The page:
Behavioral assessment of acoustic parameters relevant
to signal recognition and preference in a vocal fish
Jessica R. McKibbena)
Section of Neurobiology and Behavior, Cornell University, Ithaca, New York 14853
Andrew H. Bass
Section of Neurobiology and Behavior, Cornell University, Ithaca, New York 14853
and University of California Bodega Marine Laboratory, Bodega Bay, California 94923
?Received 19 April 1998; revised 11 June 1998; accepted 26 August 1998?
Acoustic signal recognition depends on the receiver’s processing of the physical attributes of a
sound. This study takes advantage of the simple communication sounds produced by plainfin
midshipman fish to examine effects of signal variation on call recognition and preference. Nesting
male midshipman generate both long duration ??1 min? sinusoidal-like ‘‘hums’’ and short duration
‘‘grunts.’’ The hums of neighboring males often overlap, creating beat waveforms. Presentation of
humlike, single tone stimuli, but not grunts or noise, elicited robust attraction ?phonotaxis? by gravid
females. In two-choice tests, females differentiated and chose between acoustic signals that differed
in duration, frequency, amplitude, and fine temporal content. Frequency preferences were
temperature dependent, in accord with the known temperature dependence of hum fundamental
frequency. Concurrent hums were simulated with two-tone beat stimuli, either presented from a
single speaker or produced more naturally by interference between adjacent sources. Whereas
certain single-source beats reduced stimulus attractiveness, beats which resolved into unmodulated
tones at their sources did not affect preference. These results demonstrate that phonotactic
assessment of stimulus relevance can be applied in a teleost fish, and that multiple signal parameters
can affect receiver response in a vertebrate with relatively simple communication signals. © 1998
Acoustical Society of America. ?S0001-4966?98?02412-6?
PACS numbers: 43.66.Gf, 43.80.Lb ?DWG?
The function and underlying mechanisms of communi-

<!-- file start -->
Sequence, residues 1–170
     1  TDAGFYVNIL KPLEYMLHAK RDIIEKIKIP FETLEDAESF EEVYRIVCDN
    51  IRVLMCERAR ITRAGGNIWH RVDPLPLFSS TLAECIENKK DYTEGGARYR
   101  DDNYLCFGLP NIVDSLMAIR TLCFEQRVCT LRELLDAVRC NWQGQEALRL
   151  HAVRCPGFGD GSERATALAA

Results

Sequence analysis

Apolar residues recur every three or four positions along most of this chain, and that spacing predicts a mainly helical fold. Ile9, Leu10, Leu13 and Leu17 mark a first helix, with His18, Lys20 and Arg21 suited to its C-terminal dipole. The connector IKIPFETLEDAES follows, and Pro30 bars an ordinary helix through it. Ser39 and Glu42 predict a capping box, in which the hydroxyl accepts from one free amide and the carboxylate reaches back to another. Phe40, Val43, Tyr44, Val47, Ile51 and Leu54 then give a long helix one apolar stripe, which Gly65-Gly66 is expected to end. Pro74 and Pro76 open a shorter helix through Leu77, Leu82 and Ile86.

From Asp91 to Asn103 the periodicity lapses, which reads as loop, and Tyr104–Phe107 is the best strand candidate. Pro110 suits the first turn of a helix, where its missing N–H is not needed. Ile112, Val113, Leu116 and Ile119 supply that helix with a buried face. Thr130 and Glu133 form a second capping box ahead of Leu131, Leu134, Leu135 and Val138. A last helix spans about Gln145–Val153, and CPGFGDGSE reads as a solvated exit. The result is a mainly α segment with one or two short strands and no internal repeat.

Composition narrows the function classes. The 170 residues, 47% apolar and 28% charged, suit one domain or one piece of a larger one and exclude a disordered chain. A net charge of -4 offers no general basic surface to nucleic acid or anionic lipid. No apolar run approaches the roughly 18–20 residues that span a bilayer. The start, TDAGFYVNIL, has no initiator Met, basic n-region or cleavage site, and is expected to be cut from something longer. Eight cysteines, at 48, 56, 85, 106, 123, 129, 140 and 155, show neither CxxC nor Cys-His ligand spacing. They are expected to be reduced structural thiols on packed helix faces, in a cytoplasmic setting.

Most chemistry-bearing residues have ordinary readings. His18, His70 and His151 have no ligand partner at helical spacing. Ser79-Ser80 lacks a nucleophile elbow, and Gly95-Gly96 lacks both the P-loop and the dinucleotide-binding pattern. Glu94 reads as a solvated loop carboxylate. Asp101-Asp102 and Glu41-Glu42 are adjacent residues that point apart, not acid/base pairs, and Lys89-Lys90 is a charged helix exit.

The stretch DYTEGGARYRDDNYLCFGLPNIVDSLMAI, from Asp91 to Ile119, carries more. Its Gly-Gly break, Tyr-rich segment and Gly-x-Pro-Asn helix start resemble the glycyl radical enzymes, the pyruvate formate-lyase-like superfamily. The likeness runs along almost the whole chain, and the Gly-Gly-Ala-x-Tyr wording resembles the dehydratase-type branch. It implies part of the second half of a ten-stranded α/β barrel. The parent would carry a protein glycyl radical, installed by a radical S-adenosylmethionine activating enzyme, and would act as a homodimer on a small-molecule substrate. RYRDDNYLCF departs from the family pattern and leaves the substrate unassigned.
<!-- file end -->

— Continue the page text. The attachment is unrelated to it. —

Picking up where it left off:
cation in the acoustic modality have remained largely unex-
plored in the largest of extant vertebrate taxa, teleost fish.
Studies of teleost hearing have demonstrated fundamental
similarities with auditory processing in higher vertebrates, in
spite of differences in their auditory endorgans ?review: Pop-
per and Fay, 1993?; thus one might expect similar acoustic
dimensions to have been exploited by both fish and terrestrial
vertebrates for encoding behaviorally relevant information.
We used playback of synthetic signals to test which acoustic
features affect call recognition and attractiveness in a sound-
producing teleost, the plainfin midshipman ?Porichthys nota-
Acoustic signals, generated by vibration of intrinsic
swimbladder muscles, are a prominent feature of social in-
teractions in midshipman fish. Midshipman breed along the
west coast of North America ?Walker and Rosenblatt, 1988?
where the parental, or ‘‘type I,’’ males establish nests under
rocks in the intertidal zone ?see Bass, 1996?. From these
nests, the type I males emit long-duration, multi-harmonic
signals known as ‘‘hums’’ ?Ibara et al., 1983; Brantley and
Bass, 1994; Fig. 1A–C?. When a female enters his nest, a
male stops humming, and spawning may begin. Spawning
can take several hours as the eggs are affixed to the under-
surface of the rock, after which the female departs and the
male alone guards and maintains the developing embryos.
Whereas, in any breeding season, a female probably spawns
only once, depositing all her eggs in one nest ?DeMartini,
1988; Brantley and Bass, 1994?, a male may continue to hum
and attract mates and may have several clutches at different
stages of development in his care. Midshipman also have a
smaller, ‘‘type II,’’ male morph, which pursues sneak
spawning strategies, does not hum, and lacks the type I
male’s secondary sexual characteristics, including its special-
ized vocal system ?Bass, 1992, 1996?.
Midshipman hums can be continuous for minutes to an
hour or more, often with minimal variation in frequency or
amplitude ?Ibara et al., 1983; Brantley and Bass, 1994; Bass
et al., in press?. Hum fundamental frequency is linearly re-
lated to water temperature, increasing about 5 Hz/°C, and is
approximately 100 Hz at 16 °C ?Brantley and Bass, 1994;
also see Bass and Baker, 1991?. Ibara et al. ?1983? found
with simple playback experiments that recorded hums, or
pure tones in the same frequency range, were sufficient to
attract gravid females ?phonotaxis?. This finding, along with